houses_of_parliament

Edge Hill University has launched a new Politics undergraduate programme giving students the opportunity to study the campaigns, conflicts, constituencies and communications that shape the modern political landscape.

From September 2014, Edge Hill students can take Politics as a Minor subject alongside Film Studies, History, Public Relations or Advertising, with more subjects being added in the future.

Programme Leader, Paula Keaveney, a former leader of the opposition on Liverpool City Council and expert in political communication, said: “The introduction of Politics perfectly complements our portfolio of courses in the Media Department.

Having a working knowledge of the political environment will enhance students’ understanding of their major subjects and the underlying factors that affect them. Similarly, knowing how the advertising or PR world works will be invaluable for students aiming for a career in politics.”

The new programme is delivered by staff who are actively researching or working in the field of politics. As well as giving students access to Edge Hill’s many political contacts, this ensures students get the most up-to-date information and can benefit from first hand insights into the constantly changing world of politics.

In addition to Paula, who has considerable experience of local and national politics including working in a press office during a General Election, staff on the programme include:

  • Dr Paddy Hoey, researcher in activist media, mediated politics, Northern Irish politics and Irish republican activism. He has previously taught politics modules at Liverpool Hope University.
  • Professor Franco Rizzuto, whose research interests include European constitutional and competition law. He has an international research profile in national parliaments and European integration and has previously taught politics.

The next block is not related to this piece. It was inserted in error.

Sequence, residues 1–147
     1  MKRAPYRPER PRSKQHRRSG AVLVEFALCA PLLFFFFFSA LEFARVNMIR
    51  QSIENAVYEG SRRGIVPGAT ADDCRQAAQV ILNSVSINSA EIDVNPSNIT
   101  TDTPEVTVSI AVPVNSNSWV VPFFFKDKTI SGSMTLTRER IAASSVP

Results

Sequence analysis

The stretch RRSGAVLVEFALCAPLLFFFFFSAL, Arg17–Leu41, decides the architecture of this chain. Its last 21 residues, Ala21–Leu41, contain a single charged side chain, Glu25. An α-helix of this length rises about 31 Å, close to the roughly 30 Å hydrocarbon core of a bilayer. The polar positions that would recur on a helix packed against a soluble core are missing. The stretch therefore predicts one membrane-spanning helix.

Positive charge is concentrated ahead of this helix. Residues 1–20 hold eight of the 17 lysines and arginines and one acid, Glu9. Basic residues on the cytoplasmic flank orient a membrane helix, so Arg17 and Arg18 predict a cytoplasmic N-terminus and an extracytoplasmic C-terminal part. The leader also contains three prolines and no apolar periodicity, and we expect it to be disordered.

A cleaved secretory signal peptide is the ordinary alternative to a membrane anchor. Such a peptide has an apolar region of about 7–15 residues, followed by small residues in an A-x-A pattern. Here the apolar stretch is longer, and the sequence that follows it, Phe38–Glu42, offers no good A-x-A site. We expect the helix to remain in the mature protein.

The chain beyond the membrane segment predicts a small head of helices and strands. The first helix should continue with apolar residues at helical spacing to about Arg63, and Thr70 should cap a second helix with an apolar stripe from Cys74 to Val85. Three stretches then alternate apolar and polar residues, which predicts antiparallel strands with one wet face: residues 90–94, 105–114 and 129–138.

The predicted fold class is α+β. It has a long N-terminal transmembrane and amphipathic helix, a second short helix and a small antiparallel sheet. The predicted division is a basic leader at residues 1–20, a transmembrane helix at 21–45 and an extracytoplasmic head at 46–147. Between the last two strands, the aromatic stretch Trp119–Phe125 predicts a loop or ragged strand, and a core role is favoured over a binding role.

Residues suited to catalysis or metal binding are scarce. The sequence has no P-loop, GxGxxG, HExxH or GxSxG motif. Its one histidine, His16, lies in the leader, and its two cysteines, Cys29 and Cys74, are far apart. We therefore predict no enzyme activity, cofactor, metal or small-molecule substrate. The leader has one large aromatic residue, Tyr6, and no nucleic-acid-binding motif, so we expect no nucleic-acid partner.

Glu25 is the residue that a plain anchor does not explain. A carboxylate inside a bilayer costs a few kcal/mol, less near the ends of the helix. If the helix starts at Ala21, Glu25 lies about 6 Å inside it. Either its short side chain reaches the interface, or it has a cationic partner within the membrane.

• Professor Philip Drake, who has published on the topic of party leaders and their media profile.
  • Dr Ruxandra Trandafoui, who has interests in the politics of the EU and has researched the use of social media by politicians.

The programme includes core modules in political theory, UK, American and European politics, political communications and working in politics, as well as a range of elective modules that allow students to enhance their understanding of particular subjects or pursue individual interests.

“As well as helping students understand the world in which they live and how the processes of policy and decision making affect and determine it, studying Politics equips graduates with transferable skills,” said Paula.

The ability to solve problems, to think critically, to distinguish between fact and opinion and to recognise bias are all valuable graduate skills which are readily transferable to a range of careers.”

Edge Hill has a long history of political involvement, from links with the Suffragette movement to current cutting edge research into Barack Obama’s presidency. The new Politics programme reflects this heritage, drawing on current research and teaching strengths from across the University to help students understand modern politics through practical political experience.